HELL’S KITCHEN — Pedestrians and cyclists traveling along the Hudson River Greenway regularly face “near-death experiences” at crossings along the route, advocates say.
Traffic signals at six intersections along the pathway — including those at West 30th and 40th streets — currently allow vehicles on the West Side Highway to turn right into the Hudson River Park while pedestrians and cyclists have a green light.
Now, the pedestrian-safety advocacy group CHEKPEDS wants the city to bar right turns at those intersections until the lights for Greenway users turn red.
“There are already too many ghost bikes lining the Greenway path to honor the fallen cyclists,” CHEKPEDS wrote in a letter to the Hudson River Park Trust seeking support for the measure. “We ask that HRPT act on this dangerous situation immediately, before another senseless injury or fatality occurs.”
The letter was also sent to the city's Department of Transportation, which has jurisdiction over the traffic signals, according to a spokesman for HRPT.
It pinpoints the intersections at West 15th, 29th, 30th, 38th, 40th and 43rd streets as “dangerous” crossings along the Greenway.
CHEKPEDS board member Chana Widawski on Tuesday called the current traffic configurations at those intersections “illogical.”
“We should always be paying attention. But when there’s a green light, you think you’re good to go," said Widawski, who regularly bikes along the Hell’s Kitchen section of the Greenway.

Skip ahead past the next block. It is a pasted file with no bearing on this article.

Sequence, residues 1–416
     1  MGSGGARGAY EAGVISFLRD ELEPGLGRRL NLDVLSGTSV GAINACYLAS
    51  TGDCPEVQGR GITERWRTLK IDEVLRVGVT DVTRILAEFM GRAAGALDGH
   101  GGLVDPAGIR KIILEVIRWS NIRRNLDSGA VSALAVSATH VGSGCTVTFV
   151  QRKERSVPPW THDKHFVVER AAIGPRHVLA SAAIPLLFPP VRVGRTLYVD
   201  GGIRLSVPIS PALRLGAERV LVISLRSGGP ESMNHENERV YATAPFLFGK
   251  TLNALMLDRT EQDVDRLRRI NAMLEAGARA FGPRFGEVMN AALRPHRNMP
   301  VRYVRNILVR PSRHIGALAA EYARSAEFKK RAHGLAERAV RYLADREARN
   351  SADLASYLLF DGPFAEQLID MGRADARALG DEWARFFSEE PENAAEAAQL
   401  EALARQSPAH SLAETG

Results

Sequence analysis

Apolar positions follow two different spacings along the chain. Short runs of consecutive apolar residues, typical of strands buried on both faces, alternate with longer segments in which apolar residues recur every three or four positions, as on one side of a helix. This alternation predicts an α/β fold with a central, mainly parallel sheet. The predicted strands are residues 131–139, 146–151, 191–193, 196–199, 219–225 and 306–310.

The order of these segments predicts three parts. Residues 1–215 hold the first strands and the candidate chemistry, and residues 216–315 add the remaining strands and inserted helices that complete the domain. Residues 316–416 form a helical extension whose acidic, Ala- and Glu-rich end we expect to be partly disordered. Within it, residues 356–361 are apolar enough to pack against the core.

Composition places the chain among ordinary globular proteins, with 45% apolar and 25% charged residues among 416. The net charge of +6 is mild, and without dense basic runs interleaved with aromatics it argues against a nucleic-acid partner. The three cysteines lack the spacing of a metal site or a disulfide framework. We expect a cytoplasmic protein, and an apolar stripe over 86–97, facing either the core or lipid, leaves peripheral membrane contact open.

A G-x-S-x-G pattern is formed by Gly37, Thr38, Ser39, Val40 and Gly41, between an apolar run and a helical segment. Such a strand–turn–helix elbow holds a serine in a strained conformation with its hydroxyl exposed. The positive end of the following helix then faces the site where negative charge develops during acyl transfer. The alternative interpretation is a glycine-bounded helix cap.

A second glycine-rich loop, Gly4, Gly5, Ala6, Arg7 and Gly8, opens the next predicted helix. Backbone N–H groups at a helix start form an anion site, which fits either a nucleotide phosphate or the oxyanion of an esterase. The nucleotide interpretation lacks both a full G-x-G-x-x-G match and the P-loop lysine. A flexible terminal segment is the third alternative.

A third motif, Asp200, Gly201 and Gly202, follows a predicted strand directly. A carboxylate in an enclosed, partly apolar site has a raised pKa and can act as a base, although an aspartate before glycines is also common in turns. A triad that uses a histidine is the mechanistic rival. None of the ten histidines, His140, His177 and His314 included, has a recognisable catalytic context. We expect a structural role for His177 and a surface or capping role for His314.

“I’m a conscious biker… but there are very fast-moving cars that barely take the time to slow down,” she added.
Widawski said she recently witnessed a near-crash between two cyclists, after one of them had to stop suddenly to avoid a car turning into the park.
CHEKPEDS founder Christine Berthet, meanwhile, cited a recent fatality in Battery Park City as the impetus for the letter.
A 30-year-old woman was riding her bike along the Greenway when she was hit by a driver turning right off the West Side Highway onto Chambers Street, Downtown Express reported.
“We know for a fact that because of their designs there are going to be dangers,” Berthet said of the intersections identified in the letter to HRPT. “It’s just a disaster waiting to happen.”
HRPT's spokesman on Tuesday said the trust "take[s] biker and pedestrian safety very seriously, and work[s] closely with [its] colleagues in city and state government to make sure they are aware of all road and bikeway safety concerns in the park."
The DOT didn't immediately respond to a request for comment.